OSHA releases a controversial new rule, hotel workers allege hospital hazards in their workplace and – is there a link between low wages and occupational illness? These were among the top stories featured on ISHN.com this week.
On April 4, 2016, the U.S. Global Change Research Program released a new assessment of the growing public health threat of climate change. The report, “The Impacts of Climate Change on Human Health in the United States: A Scientific Assessment,” identified the many ways in which climate change is already threatening the health of all Americans and the significant public health challenges it is expected to create.
Raising minimum wage would have health benefits, evidence suggests
May 12, 2016
Low wages should be recognized as an occupational health threat, according to an editorial in the May Journal of Occupational and Environmental Medicine, official publication of the American College of Occupational and Environmental Medicine (ACOEM).
The hotel that is the subject of a complaint filed by some of its housekeeping employees with the California Division of Occupational Safety and Health (Cal/OSHA) was “quite surprised” to learn of the concerns in the complaint.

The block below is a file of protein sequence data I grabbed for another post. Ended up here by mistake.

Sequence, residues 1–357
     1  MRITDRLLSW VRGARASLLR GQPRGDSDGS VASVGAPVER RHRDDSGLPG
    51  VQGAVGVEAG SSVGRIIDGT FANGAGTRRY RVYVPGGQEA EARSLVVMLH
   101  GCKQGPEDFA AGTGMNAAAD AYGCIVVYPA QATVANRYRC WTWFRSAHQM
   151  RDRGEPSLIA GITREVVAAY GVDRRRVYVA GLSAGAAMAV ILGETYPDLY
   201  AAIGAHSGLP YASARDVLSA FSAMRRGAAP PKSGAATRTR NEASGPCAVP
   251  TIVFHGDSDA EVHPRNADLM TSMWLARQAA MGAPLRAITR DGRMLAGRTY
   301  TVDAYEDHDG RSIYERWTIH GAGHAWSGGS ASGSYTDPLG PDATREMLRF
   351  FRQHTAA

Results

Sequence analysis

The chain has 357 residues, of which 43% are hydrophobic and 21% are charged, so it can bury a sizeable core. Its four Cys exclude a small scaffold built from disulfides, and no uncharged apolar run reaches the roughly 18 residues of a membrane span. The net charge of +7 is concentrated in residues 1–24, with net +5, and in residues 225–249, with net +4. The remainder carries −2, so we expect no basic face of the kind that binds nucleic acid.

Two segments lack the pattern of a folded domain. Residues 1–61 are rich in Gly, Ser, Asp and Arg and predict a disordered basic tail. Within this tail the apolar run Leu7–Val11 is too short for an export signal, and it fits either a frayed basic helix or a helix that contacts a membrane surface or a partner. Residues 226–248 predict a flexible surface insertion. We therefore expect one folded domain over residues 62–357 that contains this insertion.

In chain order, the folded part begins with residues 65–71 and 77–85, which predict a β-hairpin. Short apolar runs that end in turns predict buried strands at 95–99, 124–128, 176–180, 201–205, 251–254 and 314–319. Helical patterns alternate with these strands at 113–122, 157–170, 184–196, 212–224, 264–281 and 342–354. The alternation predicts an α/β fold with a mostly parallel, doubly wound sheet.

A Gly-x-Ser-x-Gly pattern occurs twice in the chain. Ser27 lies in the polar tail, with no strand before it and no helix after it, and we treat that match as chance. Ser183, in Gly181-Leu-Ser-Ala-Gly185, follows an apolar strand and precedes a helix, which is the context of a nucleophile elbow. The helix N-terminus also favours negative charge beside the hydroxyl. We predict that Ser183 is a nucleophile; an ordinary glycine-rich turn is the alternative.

Housekeeping department employees of the Sofitel Los Angeles have filed a complaint with the California Division of Occupational Safety and Health (Cal/OSHA) alleging that they do not have the proper equipment to safely handle linen contaminated with blood or to remove used syringes and needles they encounter in guest rooms.
The U.S. Department of Labor’s Office of Workers’ Compensation Programs has issued a final rule that revises the Black Lung Benefits Act in order to give miners greater access to their health information.
When her children started school, Susan* felt fortunate to land a job as a nightshift nurse, a job that would enable her to be there for her children when they came home in the afternoon. Even though the work was demanding, a year into her new job she felt confident about understanding her job duties and mastering necessary skills.
50,000 new amputations occur every year in the U.S. based on information from National Center for Health Statistics. Ratio of upper limb to lower limb amputation is 1:4. Most common is partial hand amputation with loss of one or more fingers -- 61,000. Next common is loss of one arm -- 25,000.